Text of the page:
Growing Adoption

Cloud and trusted identity technologies drive more intelligent customer experiences

Cloud platforms and trusted identities are emerging as the fundamental building blocks for creating secure environments that more effectively connect an organization’s people, places and things. Organizations who embrace the power of the cloud, combined with mobile and IoT technologies, will redefine the user experience. At the same time, these technologies enable more unified credential solutions, and they pave the way for significantly improving workplace services and business processes.

One of the drivers for cloud adoption is that cloud security has expanded significantly. As confidence in these platforms grows, demand is rising to use trusted identity solutions in the cloud and benefit from its many advantages. Adoption will escalate with increased awareness of the cloud’s ease of deployment, flexibility, connectivity options and productivity benefits. Cloud-based platforms will provide the backbone for adding new and emerging technologies while improving how identity solutions are delivered. They also will give organizations greater flexibility to upgrade their security infrastructure, scale it as they grow, improve efficiency and adopt new lower-cost managed service models.

Cloud-based platforms will fuel new solutions that expand choices for organizations to get the most out of their investments. Among the most attractive options are solutions that provide location services so that organizations have more information about how their buildings are used for workplace optimization. Organizations are adopting technology that expands how building occupants and tenants engage, interact and work in new intelligent workspaces. In addition, such innovations enable facility managers to proactively provide a safer working environment, achieve a smarter building equipment maintenance experience, and comply with myriad of local and federal inspection mandates.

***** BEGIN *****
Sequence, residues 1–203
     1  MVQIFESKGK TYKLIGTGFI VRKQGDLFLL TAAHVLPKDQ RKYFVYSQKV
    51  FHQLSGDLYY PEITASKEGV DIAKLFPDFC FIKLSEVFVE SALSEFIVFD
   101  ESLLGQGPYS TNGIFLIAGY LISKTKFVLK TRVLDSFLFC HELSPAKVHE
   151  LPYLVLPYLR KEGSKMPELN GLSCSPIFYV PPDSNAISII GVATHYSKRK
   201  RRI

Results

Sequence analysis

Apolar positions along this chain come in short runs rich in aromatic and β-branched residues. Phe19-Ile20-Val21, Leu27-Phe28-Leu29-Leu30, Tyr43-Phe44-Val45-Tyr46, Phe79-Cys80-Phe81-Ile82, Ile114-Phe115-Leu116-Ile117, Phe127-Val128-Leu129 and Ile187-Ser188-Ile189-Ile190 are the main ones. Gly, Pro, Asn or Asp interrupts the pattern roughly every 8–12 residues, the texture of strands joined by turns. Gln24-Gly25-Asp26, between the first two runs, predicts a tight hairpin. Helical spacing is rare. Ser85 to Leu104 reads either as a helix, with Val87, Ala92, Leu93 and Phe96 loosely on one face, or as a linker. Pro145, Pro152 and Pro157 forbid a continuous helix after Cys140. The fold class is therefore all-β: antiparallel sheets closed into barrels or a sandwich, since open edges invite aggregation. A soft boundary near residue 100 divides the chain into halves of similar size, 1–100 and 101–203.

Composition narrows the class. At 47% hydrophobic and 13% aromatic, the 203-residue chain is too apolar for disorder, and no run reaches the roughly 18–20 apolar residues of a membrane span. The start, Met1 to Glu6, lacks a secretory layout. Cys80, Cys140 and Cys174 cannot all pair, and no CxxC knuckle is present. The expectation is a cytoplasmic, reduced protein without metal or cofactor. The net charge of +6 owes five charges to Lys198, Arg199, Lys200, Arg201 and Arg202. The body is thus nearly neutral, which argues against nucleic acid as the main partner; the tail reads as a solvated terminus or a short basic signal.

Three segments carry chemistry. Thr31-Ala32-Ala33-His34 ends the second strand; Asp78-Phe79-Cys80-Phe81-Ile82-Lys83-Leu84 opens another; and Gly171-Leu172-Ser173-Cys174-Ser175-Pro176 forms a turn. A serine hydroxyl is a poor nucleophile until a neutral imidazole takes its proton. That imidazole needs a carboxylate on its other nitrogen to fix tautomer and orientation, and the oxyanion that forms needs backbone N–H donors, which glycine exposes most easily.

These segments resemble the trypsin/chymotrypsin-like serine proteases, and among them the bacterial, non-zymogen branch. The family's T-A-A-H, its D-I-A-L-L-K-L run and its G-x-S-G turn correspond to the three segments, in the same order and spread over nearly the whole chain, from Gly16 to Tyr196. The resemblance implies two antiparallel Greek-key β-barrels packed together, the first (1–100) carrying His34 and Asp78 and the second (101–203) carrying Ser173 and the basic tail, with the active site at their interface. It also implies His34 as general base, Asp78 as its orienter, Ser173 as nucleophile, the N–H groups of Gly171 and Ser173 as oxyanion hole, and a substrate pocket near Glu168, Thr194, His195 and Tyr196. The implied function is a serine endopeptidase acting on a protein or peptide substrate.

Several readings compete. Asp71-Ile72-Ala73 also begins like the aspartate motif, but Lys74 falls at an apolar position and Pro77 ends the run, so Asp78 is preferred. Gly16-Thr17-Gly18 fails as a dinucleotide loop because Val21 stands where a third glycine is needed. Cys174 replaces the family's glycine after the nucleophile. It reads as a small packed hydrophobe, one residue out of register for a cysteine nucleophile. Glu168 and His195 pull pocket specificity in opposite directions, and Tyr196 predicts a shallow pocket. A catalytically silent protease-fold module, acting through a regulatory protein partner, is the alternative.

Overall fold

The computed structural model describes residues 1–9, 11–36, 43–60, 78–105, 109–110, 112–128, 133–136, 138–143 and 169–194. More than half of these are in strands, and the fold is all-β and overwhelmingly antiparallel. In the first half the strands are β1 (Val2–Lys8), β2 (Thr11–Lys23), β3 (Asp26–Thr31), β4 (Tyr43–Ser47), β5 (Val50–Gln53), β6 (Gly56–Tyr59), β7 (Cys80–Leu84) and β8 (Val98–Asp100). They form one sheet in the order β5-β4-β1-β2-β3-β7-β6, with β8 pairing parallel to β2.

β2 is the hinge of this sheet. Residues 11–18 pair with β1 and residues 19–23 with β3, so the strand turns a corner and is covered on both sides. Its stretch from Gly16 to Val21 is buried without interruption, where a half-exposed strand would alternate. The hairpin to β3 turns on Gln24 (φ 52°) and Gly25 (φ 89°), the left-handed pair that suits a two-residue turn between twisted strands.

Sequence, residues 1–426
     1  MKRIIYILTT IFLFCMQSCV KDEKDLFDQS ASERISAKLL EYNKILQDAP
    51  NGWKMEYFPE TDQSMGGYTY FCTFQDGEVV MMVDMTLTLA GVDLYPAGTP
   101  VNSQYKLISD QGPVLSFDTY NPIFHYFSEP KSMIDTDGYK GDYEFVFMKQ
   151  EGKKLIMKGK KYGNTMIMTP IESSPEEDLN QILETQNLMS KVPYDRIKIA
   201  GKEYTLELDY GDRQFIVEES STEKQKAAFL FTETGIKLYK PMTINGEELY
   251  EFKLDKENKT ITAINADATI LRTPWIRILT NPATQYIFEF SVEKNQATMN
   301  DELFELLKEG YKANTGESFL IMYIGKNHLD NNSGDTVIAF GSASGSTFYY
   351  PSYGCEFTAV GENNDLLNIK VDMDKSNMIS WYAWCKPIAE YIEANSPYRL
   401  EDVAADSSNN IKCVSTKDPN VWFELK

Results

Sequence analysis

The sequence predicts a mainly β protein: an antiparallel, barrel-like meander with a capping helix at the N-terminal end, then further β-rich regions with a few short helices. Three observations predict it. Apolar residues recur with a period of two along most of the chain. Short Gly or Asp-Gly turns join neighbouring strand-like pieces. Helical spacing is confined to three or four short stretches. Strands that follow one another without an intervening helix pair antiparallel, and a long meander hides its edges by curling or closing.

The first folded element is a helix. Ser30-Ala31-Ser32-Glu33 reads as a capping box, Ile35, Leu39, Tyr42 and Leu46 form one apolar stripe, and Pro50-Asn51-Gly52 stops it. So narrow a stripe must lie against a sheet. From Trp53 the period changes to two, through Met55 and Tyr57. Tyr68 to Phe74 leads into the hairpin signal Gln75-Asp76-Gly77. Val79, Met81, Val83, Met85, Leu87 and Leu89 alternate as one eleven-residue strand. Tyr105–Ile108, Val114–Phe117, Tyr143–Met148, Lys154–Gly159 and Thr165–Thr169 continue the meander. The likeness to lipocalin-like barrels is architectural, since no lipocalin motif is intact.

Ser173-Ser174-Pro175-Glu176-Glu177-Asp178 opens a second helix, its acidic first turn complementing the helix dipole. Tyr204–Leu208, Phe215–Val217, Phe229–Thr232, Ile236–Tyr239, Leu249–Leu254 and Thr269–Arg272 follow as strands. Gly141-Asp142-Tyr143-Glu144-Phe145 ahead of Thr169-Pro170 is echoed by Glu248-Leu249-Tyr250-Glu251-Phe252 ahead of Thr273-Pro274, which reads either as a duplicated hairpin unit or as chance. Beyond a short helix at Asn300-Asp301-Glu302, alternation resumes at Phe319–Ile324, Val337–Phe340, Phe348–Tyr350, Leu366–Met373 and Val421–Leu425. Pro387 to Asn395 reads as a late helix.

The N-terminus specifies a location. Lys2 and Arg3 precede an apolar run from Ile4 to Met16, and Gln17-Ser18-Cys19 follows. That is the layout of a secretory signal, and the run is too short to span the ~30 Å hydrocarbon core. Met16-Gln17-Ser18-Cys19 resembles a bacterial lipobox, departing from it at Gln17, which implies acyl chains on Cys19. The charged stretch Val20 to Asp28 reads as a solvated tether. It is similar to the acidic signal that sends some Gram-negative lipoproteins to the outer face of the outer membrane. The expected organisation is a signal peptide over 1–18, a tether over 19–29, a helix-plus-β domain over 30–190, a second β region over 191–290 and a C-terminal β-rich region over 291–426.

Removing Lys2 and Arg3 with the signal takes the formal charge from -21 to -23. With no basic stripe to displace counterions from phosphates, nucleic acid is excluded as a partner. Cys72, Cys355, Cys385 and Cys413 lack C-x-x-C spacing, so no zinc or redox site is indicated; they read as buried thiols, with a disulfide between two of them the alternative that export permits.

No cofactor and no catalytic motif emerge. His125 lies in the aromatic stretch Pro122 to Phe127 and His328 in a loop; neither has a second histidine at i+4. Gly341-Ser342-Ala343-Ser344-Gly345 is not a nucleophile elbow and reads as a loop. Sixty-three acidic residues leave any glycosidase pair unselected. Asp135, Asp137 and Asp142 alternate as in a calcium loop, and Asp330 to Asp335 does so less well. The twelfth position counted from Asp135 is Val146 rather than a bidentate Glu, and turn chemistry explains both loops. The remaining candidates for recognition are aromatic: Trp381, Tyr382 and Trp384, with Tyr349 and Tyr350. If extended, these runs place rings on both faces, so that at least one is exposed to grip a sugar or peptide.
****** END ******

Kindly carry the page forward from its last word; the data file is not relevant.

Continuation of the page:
Another benefit of the cloud is that it creates the opportunity for new managed service models. As an example, cloud-based ID card issuance platforms that give users the option for hardware, software and other resources to be leased and their costs bundled into a service offering billed on an annual or monthly-installment basis are now available. The service model not only cuts multiple layers of program costs but also makes it easier for administrators to scale the card office to accommodate future technology capabilities or changing volume demands. Administrators can opt to have commercial printing bureaus produce large card batches during peak demand periods. In general, cloud-based services deliver all the benefits of centralized issuance control and visibility along with the option of performing distributed or batch printing, while improving user convenience.

This model is particularly attractive to large healthcare and university campuses. At the university level, campus cards have long enabled users to buy meals, check out library books, open dorm room doors, and more. These institutions are seeing the benefits of embracing the cloud to evolve the way in which campus cards are being issued. Instead of issuing cards using one or more PC workstations, each connected to a nearby printer, universities are making a shift to cloud-based solutions for a new, remote card issuance experience. This move is also transforming ID card printers into edge devices within the Internet of Trusted Things (IoTT).

An even broader range of capabilities are possible when cloudbased platforms are combined with mobile technologies and the IoT.

A Mobile Tipping Point

Mobile access control is gaining popularity as solutions mature, and are integrated into other systems. Until recently, the notion of a credential on a mobile device was a niche for a small segment of the market. However, their ability to provide greater operational efficiency, enhance the user experience, deliver increased security and integrate with other systems has now positioned mobile access as a strong option for many organizations in the mass market. Demand will be greatest in the following use cases: opening doors with a smartphone; using a mobile device as an authenticator for applications such as identity verification to protect online banking applications or while accessing a digital network; or carrying an ID such as a driver’s license on a phone.